The codex is part of a four-volume Antiphonal currently marked as mss. 20, 24, 28 and 30 of the ‘Archivio Capitolare’ of Udine, the output of the same workshop that had produced also ms 26 (Gradual for the Saints’ feasts). The Antiphonal, as well as the Gradual, was destined to a church of the Hospital Brothers of St. Anthony of Vienne, as it is evidenced by the ms. 30 initial rubric (Ad honorem omnipotentis dei et beatissime virginis Marie et beati Antonii abatis. Incipit antiphonarium secundum consuetudinem sancte romane ecclesie) and by the constant presence of this order’s symbol, the “T” (tau), inside a scutcheon, recurring in the lower edge of many leaves. This church has been identified with St. Anthony the Abbot’s at Foria, in Naples, and the patron with Giovanni Guidotti, the order’s preceptor in the early Seventies; the coats of arms are those of the families Mitte and Della Marra, who were tied to the order of St. Anthony of Vienne. The decorative work of gothic Neapolitan illuminators is herein recognizable, as of the Master of the Crucifixion of Avignon: a hand which was influenced by the manners of the Master of the ‘Cini’ Resurrection, and another hand of a miniaturist from the Abruzzi. This series of volumes could have reached Friuli in the fifteenth century through the book exchanges within the Hospital order, since a preceptory of St. Anthony the Abbot is proved having been in Udine at least until 1475, and the Neapolitan convent was already declining since the half of that same century and was closed in 1486. The former convent, church and hospital of the Antonines were built into the current premises of the patriarchal palace of Udine and these codices were subsequently transferred to the local Archives of the Chapter (‘Archivio Capitolare’).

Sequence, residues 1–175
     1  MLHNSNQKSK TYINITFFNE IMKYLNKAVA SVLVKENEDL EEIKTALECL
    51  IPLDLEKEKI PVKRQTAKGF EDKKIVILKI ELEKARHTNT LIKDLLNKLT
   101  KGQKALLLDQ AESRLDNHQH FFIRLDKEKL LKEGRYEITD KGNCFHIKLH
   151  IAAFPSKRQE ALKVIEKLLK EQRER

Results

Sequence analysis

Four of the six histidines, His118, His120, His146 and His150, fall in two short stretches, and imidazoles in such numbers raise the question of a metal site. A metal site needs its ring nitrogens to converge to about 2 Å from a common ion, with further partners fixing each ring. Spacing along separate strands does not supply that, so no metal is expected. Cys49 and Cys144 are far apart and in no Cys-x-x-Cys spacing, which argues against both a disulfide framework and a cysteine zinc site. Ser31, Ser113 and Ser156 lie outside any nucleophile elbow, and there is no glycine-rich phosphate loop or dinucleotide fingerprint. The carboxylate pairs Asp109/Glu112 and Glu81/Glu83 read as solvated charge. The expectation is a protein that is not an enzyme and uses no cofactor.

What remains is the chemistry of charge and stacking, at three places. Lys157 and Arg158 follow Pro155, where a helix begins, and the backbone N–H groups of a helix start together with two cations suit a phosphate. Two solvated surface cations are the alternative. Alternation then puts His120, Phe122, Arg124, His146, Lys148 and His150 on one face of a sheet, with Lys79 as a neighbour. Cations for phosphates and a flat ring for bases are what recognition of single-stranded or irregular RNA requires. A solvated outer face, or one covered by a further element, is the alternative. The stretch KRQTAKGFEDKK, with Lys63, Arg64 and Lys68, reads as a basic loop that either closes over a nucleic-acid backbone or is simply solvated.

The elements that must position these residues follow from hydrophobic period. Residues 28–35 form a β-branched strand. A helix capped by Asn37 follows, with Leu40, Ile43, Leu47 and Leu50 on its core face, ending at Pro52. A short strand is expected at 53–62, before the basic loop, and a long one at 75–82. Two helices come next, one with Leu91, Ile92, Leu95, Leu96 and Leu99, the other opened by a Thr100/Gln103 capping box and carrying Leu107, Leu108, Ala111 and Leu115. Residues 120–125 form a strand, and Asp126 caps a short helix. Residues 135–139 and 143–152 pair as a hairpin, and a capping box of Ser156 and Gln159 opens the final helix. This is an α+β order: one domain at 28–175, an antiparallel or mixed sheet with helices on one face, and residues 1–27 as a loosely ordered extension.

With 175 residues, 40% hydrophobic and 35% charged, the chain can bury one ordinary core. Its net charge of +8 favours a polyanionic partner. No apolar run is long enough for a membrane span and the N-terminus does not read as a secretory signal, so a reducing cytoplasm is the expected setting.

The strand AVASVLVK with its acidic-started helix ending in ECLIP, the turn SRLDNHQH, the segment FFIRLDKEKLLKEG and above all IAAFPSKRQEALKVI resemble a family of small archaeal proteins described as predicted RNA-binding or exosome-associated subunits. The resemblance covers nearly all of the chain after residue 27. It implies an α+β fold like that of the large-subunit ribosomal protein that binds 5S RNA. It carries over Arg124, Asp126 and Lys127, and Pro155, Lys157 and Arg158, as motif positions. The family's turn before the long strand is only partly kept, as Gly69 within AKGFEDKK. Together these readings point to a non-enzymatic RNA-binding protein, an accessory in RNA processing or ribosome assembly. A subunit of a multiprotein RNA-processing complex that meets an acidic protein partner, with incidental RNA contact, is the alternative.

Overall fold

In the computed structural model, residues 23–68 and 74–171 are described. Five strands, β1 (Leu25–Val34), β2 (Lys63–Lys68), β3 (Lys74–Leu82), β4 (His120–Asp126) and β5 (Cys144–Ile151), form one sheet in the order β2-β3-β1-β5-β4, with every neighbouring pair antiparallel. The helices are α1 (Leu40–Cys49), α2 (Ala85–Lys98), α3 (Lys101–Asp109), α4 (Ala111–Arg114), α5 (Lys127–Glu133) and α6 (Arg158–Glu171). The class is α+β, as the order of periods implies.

- S. XIV, parchment, mm 560 x 375; ff. I, 162, II
- Udine, ‘Archivio Capitolare’, ms. 20
The coats of arms of the Antonines’ General, Ponce (or Pierre) II Mitte (1370-1374) or Bertrand Mitte (1374-1389), and of the family Marra of Naples allow to individuate the patrons of an Antiphonal that probably came to Friuli in the first half of the fifteenth century.